Verse 9. Happy shall he be, that taketh and dasheth thy little ones against the stones. Fierce was the heart of the Jew who had seen his beloved city the scene of such terrific butchery. His heart pronounced like sentence upon Babylon. She should be scourged with her own whip of wire. The desire for righteous retribution is rather the spirit of the law than of the gospel; and yet in moments of righteous wrath the old fire will burn; and while justice survives in the human breast it will not lack for fuel among the various tyrannies which still survive. We shall be wise to view this passage as a prophecy. History informs us that it was literally fulfilled: the Babylonian people in their terror agreed to destroy their own offspring, and men thought themselves happy when they had put their own wives and children to the sword. Horrible as was the whole transaction, it is a thing to be glad of if we take a broad view of the world's welfare; for Babylon, the gigantic robber, had for many a year slaughtered nations without mercy, and her fall was the rising of many people to a freer and safer state. The murder of innocent infants can never be sufficiently deplored, but it was an incident of ancient warfare which the Babylonians had not omitted in their massacres, and, therefore, they were not spared it themselves. The revenges of providence may be slow, but they are ever sure; neither can they be received with regret by those who see God's righteous hand in them. It is a wretched thing that a nation should need an executioner; but yet if men will commit murders tears are more fitly shed over their victims than over the assassins themselves. A feeling of universal love is admirable, but it must not be divorced from a keen sense of justice.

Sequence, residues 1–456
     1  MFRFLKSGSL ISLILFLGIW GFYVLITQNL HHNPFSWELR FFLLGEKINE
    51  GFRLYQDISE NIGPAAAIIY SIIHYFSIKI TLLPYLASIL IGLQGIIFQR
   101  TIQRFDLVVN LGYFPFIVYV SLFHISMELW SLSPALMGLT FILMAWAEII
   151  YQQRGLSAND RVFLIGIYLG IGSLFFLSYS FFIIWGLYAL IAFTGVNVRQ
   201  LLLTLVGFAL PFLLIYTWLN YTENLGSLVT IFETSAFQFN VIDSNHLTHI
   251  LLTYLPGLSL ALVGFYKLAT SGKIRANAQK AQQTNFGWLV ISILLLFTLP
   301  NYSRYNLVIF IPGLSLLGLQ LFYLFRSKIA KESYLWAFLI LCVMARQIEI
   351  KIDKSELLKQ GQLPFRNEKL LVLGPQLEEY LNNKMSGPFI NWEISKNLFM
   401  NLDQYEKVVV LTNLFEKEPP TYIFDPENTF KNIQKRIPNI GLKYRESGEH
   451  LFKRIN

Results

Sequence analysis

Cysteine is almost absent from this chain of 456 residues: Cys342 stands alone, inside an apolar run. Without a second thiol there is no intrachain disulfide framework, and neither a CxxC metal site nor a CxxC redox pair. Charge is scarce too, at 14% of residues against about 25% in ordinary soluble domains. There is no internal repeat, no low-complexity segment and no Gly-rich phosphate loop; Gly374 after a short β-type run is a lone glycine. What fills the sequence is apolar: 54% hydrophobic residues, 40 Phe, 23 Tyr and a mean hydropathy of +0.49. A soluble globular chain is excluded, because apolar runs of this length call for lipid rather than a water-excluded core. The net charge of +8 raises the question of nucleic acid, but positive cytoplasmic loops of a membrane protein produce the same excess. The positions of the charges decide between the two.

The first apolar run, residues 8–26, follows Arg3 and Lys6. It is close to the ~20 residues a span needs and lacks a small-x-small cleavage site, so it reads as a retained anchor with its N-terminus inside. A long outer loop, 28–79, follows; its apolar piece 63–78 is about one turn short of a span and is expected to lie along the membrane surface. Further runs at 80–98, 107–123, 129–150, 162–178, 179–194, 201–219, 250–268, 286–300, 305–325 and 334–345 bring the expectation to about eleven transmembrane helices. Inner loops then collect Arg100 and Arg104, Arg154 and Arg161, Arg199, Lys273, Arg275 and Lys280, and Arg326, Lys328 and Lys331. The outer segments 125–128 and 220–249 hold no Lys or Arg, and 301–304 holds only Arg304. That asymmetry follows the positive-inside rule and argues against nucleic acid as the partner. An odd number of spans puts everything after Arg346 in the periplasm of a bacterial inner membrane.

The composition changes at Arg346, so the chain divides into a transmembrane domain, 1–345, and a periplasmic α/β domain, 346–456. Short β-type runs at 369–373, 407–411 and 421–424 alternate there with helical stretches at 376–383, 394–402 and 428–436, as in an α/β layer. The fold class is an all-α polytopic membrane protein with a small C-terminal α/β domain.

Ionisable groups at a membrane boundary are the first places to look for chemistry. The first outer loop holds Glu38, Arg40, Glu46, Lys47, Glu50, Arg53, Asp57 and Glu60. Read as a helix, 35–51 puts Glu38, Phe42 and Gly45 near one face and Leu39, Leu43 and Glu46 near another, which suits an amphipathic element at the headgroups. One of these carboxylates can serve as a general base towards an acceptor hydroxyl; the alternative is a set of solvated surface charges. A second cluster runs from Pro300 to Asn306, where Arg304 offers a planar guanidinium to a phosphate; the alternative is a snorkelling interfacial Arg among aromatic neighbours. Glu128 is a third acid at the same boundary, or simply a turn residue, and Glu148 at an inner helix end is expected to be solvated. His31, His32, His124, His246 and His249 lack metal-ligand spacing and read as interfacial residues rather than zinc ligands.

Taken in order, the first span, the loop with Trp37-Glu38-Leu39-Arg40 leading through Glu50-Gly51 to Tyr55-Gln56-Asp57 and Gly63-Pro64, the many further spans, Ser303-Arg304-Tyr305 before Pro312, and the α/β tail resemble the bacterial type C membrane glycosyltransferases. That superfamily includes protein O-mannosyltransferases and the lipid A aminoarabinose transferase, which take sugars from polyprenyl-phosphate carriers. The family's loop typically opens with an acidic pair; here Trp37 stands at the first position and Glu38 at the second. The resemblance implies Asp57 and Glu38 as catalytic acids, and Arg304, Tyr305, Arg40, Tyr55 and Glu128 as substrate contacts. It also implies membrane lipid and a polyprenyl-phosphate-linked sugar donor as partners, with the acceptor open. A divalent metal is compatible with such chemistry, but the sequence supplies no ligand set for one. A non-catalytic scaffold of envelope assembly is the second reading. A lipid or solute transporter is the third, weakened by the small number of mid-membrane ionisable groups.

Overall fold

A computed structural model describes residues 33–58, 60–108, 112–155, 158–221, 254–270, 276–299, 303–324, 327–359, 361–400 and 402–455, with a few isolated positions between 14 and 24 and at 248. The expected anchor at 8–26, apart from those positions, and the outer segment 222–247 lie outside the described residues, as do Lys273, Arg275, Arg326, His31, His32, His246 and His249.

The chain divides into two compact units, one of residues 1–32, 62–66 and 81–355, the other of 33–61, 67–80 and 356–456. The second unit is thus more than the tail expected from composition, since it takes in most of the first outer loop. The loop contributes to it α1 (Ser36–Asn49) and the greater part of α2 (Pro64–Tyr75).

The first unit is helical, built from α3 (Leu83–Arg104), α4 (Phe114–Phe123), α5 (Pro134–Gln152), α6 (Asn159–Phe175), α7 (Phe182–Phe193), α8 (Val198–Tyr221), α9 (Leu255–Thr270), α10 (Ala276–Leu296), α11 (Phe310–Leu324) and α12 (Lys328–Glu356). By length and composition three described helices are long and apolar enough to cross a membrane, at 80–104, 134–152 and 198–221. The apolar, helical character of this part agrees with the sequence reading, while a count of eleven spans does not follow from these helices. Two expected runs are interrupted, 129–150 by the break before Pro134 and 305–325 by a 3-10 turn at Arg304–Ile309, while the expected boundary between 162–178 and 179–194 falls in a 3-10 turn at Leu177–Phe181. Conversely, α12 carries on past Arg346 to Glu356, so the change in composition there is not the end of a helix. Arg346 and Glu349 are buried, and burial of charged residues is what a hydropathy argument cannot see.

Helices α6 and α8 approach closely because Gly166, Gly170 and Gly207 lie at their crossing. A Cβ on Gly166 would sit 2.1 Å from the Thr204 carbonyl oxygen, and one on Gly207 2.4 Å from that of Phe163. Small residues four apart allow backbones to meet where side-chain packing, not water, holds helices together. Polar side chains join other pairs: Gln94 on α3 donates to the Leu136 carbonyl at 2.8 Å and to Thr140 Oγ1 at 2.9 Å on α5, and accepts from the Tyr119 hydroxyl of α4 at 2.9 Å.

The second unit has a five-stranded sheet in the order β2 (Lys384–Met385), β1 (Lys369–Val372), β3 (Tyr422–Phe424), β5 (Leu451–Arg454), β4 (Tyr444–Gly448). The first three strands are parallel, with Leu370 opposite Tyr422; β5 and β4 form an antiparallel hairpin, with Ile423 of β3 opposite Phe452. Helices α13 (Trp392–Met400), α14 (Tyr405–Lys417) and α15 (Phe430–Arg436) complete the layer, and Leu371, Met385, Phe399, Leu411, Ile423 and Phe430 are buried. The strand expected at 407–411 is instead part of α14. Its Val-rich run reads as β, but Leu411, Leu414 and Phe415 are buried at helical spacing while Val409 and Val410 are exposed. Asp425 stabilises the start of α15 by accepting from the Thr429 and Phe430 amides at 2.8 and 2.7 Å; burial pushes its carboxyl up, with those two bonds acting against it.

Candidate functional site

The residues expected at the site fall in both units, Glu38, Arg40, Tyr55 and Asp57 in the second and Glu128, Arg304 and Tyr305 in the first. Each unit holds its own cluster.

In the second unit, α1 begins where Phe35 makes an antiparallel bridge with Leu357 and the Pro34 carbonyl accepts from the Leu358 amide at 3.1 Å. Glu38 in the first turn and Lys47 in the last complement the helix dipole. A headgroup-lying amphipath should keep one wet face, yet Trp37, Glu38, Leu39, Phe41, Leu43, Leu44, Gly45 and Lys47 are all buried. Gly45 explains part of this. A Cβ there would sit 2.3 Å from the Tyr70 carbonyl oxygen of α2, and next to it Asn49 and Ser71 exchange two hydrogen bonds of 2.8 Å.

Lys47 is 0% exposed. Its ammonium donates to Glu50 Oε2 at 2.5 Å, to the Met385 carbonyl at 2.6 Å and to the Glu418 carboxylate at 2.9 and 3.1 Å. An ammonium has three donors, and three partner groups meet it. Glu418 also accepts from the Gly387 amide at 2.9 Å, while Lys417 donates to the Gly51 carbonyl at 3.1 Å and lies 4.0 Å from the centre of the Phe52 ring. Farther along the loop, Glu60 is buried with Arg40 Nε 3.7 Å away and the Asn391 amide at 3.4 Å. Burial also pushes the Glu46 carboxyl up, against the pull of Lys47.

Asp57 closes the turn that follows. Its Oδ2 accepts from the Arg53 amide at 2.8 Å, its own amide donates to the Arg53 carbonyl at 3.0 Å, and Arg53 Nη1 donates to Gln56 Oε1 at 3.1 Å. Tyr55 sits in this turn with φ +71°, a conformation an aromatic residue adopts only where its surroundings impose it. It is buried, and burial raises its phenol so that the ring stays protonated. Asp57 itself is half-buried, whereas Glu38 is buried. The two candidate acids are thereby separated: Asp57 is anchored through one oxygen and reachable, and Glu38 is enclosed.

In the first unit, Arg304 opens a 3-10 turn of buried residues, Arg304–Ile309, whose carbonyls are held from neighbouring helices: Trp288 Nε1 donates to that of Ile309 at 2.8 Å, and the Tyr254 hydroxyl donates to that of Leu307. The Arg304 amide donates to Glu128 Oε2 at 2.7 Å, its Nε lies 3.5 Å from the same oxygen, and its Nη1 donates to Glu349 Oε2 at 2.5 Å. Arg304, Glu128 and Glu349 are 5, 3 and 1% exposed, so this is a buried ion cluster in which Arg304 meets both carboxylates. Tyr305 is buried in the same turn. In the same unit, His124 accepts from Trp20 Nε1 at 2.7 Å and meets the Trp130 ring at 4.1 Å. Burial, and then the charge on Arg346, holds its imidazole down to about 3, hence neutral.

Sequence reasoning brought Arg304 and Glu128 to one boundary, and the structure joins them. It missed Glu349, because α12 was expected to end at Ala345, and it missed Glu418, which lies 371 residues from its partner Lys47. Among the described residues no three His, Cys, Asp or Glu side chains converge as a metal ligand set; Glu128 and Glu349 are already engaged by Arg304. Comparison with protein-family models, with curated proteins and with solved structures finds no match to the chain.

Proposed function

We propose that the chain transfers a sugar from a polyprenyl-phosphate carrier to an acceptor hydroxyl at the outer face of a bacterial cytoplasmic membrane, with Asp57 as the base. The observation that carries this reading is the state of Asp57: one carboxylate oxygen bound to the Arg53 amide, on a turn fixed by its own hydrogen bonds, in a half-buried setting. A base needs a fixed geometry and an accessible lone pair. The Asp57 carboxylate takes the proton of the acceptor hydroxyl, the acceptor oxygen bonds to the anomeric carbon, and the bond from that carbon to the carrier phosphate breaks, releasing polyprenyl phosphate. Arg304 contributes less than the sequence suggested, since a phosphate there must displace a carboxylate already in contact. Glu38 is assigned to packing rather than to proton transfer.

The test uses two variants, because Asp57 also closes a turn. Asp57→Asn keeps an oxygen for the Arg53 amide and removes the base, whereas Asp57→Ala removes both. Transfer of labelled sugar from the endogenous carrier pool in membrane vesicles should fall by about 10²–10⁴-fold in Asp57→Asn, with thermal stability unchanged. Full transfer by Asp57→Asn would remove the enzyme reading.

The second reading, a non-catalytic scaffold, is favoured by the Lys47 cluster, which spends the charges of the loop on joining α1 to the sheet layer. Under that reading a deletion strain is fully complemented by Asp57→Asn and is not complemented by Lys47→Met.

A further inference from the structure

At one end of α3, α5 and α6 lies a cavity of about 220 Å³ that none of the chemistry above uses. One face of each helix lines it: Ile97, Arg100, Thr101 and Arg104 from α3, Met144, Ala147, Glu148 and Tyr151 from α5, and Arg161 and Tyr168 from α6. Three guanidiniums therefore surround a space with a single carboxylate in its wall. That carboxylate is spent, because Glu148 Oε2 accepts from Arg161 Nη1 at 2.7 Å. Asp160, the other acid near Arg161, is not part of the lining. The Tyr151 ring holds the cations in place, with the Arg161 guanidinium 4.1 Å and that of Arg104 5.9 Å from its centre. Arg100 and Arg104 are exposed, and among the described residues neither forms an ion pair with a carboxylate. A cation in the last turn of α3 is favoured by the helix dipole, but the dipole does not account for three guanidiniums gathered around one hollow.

The captives in Babylon did not make music, but they poured forth their righteous maledictions, and these were far more in harmony with their surroundings than songs and laughter could have been. Those who mock the Lord's people will receive more than they desire, to their own confusion: they shall have little enough to make mirth for them, and more than enough to fill them with misery. The execrations of good men are terrible things, for they are not lightly uttered, and they are heard in heaven. "The curse causeless shall not come;" but is there not a cause? Shall despots crush virtue beneath their iron heel and never be punished? Time will show.